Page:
I was watching CrimeWatch last night and a particular clip showed a young man stealing a ring from a jewelers shop. It made me wonder whether or not the current economic climate has an affect on the retail crime.
In 2012 the British Retail Consortium conducted a survey into the current state of retail crime in the UK. 44 retailers participated. I’m guessing that it didn’t include the often forgotten about Independents as the combined turnover accounts for 58% of total retail turnover in the UK.
Here are some headline figures from the report;
Retail crime cost UK retailers £1.6 billion in 2011-12 – up 15% on previous year.
This maybe due to a focus on Higher value items
There are various different categories of retail crime. They include; customer
theft, employee theft, burglary, criminal damage and fraud. Most of the categories saw an increase in levels.
Interestingly despite these increases and the overall cost, there was a significant reduction in the amount of crime reported to the Police.
Furthermore, increased spend of crime prevention (Approximately 7.1%) didn’t help reduce crime incidents.
But not all crime occurs in the shop. E-crime is on the rise and is the most costly. Identity fraud increased 80%.
Most shocking is that 28,700 staff were subject to physical or verbal abuse during the year. However, my feeling is that this number would be significantly more when you factor in independent retailers.
So what are the ways that shop owners can protect themselves and their stock.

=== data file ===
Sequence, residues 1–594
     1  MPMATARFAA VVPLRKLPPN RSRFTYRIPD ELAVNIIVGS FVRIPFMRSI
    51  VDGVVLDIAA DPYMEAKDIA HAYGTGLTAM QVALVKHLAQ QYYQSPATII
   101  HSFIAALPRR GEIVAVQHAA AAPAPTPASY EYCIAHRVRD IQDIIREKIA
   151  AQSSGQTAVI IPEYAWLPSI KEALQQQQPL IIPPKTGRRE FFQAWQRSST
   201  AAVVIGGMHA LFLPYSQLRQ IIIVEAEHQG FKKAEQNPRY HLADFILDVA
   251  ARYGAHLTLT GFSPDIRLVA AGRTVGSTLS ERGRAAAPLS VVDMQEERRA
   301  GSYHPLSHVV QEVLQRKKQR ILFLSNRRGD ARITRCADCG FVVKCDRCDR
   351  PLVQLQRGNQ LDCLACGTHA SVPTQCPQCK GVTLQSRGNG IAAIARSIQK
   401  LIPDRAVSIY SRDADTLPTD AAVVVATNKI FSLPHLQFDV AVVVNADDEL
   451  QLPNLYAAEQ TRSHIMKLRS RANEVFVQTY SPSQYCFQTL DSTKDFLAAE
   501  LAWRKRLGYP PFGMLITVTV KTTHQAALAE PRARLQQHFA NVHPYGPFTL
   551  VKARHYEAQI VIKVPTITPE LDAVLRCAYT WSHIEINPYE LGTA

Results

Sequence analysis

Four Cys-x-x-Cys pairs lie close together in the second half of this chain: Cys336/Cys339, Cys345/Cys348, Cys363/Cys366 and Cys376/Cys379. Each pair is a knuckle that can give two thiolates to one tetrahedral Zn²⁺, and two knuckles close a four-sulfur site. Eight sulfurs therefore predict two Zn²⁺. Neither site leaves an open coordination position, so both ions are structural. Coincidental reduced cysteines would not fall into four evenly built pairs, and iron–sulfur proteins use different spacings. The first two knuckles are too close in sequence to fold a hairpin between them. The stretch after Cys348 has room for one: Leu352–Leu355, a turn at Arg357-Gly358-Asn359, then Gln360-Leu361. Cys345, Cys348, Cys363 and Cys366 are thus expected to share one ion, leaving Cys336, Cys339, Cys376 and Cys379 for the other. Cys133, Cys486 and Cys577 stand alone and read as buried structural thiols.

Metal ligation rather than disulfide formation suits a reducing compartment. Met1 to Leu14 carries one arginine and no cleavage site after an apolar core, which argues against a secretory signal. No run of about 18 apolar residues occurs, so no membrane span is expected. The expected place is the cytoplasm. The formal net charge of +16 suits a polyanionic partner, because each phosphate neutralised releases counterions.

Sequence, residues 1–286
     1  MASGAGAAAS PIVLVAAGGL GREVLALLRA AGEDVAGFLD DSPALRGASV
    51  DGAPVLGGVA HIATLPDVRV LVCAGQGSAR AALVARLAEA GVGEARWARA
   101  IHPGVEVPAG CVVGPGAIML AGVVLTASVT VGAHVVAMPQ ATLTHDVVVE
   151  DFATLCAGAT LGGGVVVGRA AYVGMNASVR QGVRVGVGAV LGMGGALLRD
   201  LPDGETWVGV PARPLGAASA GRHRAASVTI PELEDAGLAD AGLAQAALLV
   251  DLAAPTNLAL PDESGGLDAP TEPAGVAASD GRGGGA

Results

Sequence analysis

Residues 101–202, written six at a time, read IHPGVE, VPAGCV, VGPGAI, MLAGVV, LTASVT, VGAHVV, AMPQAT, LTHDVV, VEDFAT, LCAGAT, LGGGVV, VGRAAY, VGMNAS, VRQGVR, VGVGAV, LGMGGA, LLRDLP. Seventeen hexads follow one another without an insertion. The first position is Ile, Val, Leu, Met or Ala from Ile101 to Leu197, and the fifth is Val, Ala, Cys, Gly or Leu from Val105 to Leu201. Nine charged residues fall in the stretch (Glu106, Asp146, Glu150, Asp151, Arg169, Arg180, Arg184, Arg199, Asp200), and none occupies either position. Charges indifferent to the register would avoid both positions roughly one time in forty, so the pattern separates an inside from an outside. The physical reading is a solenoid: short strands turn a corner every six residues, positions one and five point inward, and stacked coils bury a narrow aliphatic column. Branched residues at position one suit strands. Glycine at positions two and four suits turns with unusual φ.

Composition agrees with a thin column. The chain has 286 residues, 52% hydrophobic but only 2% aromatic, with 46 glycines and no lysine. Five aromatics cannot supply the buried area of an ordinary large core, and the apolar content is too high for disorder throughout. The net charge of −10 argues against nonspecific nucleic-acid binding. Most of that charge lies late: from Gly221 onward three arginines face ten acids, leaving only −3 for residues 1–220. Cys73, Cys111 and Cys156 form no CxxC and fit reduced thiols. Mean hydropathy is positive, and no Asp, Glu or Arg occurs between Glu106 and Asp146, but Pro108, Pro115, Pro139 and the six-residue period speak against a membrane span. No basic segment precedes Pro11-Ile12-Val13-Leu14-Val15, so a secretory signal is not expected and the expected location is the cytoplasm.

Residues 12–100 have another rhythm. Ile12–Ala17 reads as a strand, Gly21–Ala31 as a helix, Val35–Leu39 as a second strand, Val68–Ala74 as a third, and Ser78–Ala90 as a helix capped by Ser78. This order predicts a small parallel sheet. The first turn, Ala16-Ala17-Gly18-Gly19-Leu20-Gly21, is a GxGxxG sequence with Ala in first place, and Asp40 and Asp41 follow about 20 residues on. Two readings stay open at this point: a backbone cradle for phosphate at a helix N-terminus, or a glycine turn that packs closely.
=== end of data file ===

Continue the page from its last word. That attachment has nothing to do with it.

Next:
If you want to read the study in greater detail you can download the BRC Retail Crime study here.
January is always a telling month in the Retail trade. It’s when Retail stores report on how successful their trading has been and how well Christmas was.
Why is Christmas so important to retailers? Well it approximately accounts for 21% of a retailers’ annual sales? This means that the Christmas period is critical and can make or break a business. Have a poor Christmas and in January/February we hear about closing businesses.
And 2013 has been no-exceptional. According to the latest statistics store closures have been dramatically increasing over the years.
…”the net reduction in the number of stores climbed from 174 closures in 2011 to 1,779 closures in 2012”. [source:pwc]
This does not include the rate of closures for Independent shops.
So which of the big brands have closed in 2012;
- Clinton Cards
- Past Times
- La Senza
- Jane Norman
- Focus DIY
- TJ Hughes
Yes, it’s a list of 16 Big High Street. There are a number of factors being blamed for distress on our high steets. Poor economic climate, lack-lustre consumer spending and bad business models.
There is no doubt that a bricks and mortar presence on the High Street is costly. Staffing, rates, rents, utilities costs’ keep rising this has to be reflected in the price of goods so if a business can offer cheaper products online where costs are less, then the savvy shopper will no-doubt take the cheaper option.
The research showed that travel agents, sports goods shops, computer games and card shops faired this worse.
I have no doubt that we shall see more closures in 2013 and more empty units appear on the High Street.
We are where we are with the economy the trick will be how creative Council will be in approaching this problem. Pop-up shops, reducing rents, increasing parking should all be considered.